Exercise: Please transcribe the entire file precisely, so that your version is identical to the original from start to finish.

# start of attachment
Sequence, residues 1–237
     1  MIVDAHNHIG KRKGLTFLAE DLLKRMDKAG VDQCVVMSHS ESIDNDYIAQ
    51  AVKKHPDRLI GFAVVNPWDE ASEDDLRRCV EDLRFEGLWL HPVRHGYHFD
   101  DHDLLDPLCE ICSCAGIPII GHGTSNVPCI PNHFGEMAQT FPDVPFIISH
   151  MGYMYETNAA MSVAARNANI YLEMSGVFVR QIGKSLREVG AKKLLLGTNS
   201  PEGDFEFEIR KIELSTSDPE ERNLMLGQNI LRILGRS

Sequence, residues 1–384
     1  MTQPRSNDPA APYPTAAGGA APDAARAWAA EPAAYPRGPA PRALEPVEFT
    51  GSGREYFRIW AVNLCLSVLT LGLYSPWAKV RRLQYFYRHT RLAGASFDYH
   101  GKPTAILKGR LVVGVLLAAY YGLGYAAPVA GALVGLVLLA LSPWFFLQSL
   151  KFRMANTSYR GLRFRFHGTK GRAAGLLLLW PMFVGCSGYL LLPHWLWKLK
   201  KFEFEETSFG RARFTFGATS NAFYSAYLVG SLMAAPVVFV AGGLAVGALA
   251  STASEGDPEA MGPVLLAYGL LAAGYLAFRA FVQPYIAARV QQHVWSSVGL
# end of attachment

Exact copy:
Sequence, residues 1–237
     1  MIVDAHNHIG KRKGLTFLAE DLLKRMDKAG VDQCVVMSHS ESIDNDYIAQ
    51  AVKKHPDRLI GFAVVNPWDE ASEDDLRRCV EDLRFEGLWL HPVRHGYHFD
   101  DHDLLDPLCE ICSCAGIPII GHGTSNVPCI PNHFGEMAQT FPDVPFIISH
   151  MGYMYETNAA MSVAARNANI YLEMSGVFVR QIGKSLREVG AKKLLLGTNS
   201  PEGDFEFEIR KIELSTSDPE ERNLMLGQNI LRILGRS

Sequence, residues 1–384
     1  MTQPRSNDPA APYPTAAGGA APDAARAWAA EPAAYPRGPA PRALEPVEFT
    51  GSGREYFRIW AVNLCLSVLT LGLYSPWAKV RRLQYFYRHT RLAGASFDYH
   101  GKPTAILKGR LVVGVLLAAY YGLGYAAPVA GALVGLVLLA LSPWFFLQSL
   151  KFRMANTSYR GLRFRFHGTK GRAAGLLLLW PMFVGCSGYL LLPHWLWKLK
   201  KFEFEETSFG RARFTFGATS NAFYSAYLVG SLMAAPVVFV AGGLAVGALA
   251  STASEGDPEA MGPVLLAYGL LAAGYLAFRA FVQPYIAARV QQHVWSSVGL